Non-Photo Blue Pencils
Top on my list is non-photo blue pencils. These pencils are great for doing your initial sketches, because they’re just the right shade of pale blue that they tend not to show up on copies when you’re transferring your work from paper to clear cels.
Drawing Pencil Sets
Speaking of 2B pencils, it’s always good to have a set of drawing pencilsaround. I tend to use mechanical pencils rather often–too often, my instructors in art school would crack on me about it all the time – but for animation work, usually a regular wooden pencil is best. I like my Eberhard Faber set, but Sanford and Tombow also make some good collections of pencils in various lead hardnesses.
When you’re retracing animation, 2B is usually the best hardness to use; it’s soft enough to have enough give for a varied line, but hard enough to make good dark, clean lines.
3-Hole Punched Paper
Of course, with your drawing instruments, you’ll need something to draw on. Your best bet is to buy copy paper with three holes punched down the side – by the ream, or by the case. One second of animation will take you anywhere from 30 to 100 sheets of paper, allowing for duplicates for retracing and for mistakes, so you’ll need quite a bit of paper. 20-lb copy paper is heavy enough to make a good copy, but light enough that you can see through several layers of it with a light table on beneath it.
The reason that I choose three-hole-punch paper is because I use a little peg bar on my light table to hold my paper in place, and buying my paper already punched saves me the trouble of punching it manually or taping it on to the table, and makes it easier to align pages. I’m definitely an HP Quickpack kind of guy – they come 2500 sheets to a pack for a fairly good price, and I like the particular type of texture that HP copy paper has.
Light Table/Light Desk
Unless your eyes are better than mine or you have a penchant for torturing yourself with your nose pressed into your desk, a light table/light desk is crucial. Your light table has two primary purposes: to retrace your sketched frames, and to sketch new frames as in-betweens. With this you can light your artwork from below to make it transparent enough to see through for reference.
Some light tables can be very expensive; professional glass-top rotating tables can cost thousands, or you can find a large desktop box for just under a hundred dollars. I use a cute little Artograph light tracer box with a 10″x12″ slanted drawing surface; I think I bought it for about $25 back in art school, and I’ve kept it ever since – though I think they’re running a little over $30 now.
I cannot for the life of me remember the proper name for this next item or an online listing for one, or an image anywhere, so I’m just going to try to describe what I call a peg bar as best as I can, and hope that you can take it from here.
This little bar is a plastic strip the length of an 8.5″x11″ piece of paper, with three small pegs on it spaced along the same intervals as the holes in a three-hole-punch sheet of paper. You can tape or glue this to the top of your light table, and lay your copy paper over it to hold it securely in place. When you’re working on a character animation sometimes it’s hard to get your paper to line up again after you’ve removed it from the light table, so having one of these helps you get everything in its proper place again. Check your local arts and crafts store to see if you can find one.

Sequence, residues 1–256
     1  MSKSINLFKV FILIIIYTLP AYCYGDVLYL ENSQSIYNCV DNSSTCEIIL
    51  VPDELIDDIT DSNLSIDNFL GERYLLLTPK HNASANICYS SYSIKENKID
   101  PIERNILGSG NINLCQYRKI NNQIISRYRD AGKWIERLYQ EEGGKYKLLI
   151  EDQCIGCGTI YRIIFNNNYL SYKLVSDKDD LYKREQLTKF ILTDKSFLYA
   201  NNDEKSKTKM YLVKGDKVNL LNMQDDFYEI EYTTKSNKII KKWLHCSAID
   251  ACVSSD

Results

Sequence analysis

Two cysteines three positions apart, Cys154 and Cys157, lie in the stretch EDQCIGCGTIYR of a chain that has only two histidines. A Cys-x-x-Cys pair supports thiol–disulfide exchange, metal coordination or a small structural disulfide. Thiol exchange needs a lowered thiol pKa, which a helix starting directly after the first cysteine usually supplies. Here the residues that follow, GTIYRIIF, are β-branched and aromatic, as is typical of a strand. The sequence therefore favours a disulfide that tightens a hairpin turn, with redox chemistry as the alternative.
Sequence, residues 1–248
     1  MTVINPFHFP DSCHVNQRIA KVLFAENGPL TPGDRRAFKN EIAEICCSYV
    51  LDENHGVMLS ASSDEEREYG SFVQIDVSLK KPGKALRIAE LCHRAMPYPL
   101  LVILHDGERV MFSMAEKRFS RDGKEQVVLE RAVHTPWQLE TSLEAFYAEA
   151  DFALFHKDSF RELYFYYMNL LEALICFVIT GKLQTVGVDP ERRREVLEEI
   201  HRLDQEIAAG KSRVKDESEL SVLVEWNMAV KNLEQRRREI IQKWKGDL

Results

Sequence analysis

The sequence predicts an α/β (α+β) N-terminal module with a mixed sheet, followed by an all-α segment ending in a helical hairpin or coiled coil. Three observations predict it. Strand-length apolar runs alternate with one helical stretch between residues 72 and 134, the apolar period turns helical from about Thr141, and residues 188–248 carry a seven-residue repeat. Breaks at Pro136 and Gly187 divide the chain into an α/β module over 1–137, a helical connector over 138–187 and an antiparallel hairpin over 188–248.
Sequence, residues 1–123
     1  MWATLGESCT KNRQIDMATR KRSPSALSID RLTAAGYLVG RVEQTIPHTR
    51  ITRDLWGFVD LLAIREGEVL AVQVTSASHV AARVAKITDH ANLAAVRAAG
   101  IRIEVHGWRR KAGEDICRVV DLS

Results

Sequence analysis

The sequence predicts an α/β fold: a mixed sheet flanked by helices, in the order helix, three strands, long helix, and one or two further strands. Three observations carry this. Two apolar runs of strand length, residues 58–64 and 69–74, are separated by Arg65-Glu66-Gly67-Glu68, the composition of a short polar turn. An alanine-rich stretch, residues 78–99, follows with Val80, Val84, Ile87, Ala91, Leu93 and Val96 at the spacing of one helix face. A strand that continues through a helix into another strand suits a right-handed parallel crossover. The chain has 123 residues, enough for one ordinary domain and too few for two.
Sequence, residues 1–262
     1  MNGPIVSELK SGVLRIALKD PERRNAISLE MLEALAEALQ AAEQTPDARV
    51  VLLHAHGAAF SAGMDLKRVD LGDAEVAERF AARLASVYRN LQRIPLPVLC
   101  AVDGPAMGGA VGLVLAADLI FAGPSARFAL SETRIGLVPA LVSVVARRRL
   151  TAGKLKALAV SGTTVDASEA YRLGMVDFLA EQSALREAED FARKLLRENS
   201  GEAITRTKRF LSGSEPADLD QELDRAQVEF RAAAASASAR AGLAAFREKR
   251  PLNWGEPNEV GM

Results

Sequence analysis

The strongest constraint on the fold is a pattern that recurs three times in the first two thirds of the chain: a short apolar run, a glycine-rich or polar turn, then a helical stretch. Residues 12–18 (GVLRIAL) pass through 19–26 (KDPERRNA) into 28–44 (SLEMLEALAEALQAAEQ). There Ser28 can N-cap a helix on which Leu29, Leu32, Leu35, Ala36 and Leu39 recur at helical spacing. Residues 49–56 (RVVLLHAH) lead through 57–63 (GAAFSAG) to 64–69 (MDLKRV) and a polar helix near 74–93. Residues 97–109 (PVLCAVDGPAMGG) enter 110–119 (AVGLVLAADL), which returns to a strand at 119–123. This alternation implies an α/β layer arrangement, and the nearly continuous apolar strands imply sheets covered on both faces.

Art Gum Eraser
Let’s face it – you’re going to make mistakes while drawing animation, and for that, you’ll need an eraser. Art gum erasers are far superior to your standard erasers because they rub out lead cleanly without eroding away the actual paper surface or leaving behind smudges from either past lead rub-offs or the eraser itself.
Once you get past the drawing stage, you’ll need to transfer your artwork from plain paper onto cels, so that they can be painted and then placed against a separately drawn background. It’s hard to find anything packaged as actual “cels” – what you really need is copy-safe transparency films.
These are the same kind of transparencies used on overhead projectors, but you have to make sure to get the kind that are heat-safe, copy-safe; the easiest way to transfer from paper to transparency is using a copier (you can get them done at Kinko’s or another copy place if you need to), but you have to make sure to get the right kind or they’ll melt in the copier and completely ruin it.
When you’re ready with your cels, you’ll need paints. Painting on slick cels is very difficult, and requires a thicker paint, usually; I use acrylics, but some people prefer oils. The trick is to paint on the back side of the transparency, the opposite side from the side the that the copier toner is on; that way there’s no chance that the wet paint will smudge the copied lines.
Generally you’ll want to have a set of paints ranging from mid-size to a fine hairline; working on letter-size transparencies, you won’t find that you have much need for a large brush to fill in enormous areas, but you will need finer brushes for getting smaller details.
Color Pencils, Watercolors, Markers, and Pastels
For a bit more manual work, there’s color pencils, pastels, watercolors, and markers; you’d want to use these more for your backgrounds. Backgrounds are done on the same size paper as your animation, and static backgrounds for a single motion sequence only have to be drawn once so that you can lay transparencies over them.
I have to say that watercolors really aren’t my gig; I don’t have the patience for them and the most time that I spend with a brush is when practicing the sort of traditional sumi-e painting passed down through my family. Pastels drive me nuts; too much smudge, not enough control. For my backgrounds I use colored Prismacolor markers with a clear blender to run the shades together, for a watercolor look with more control or, more rarely, Prismacolor color pencils.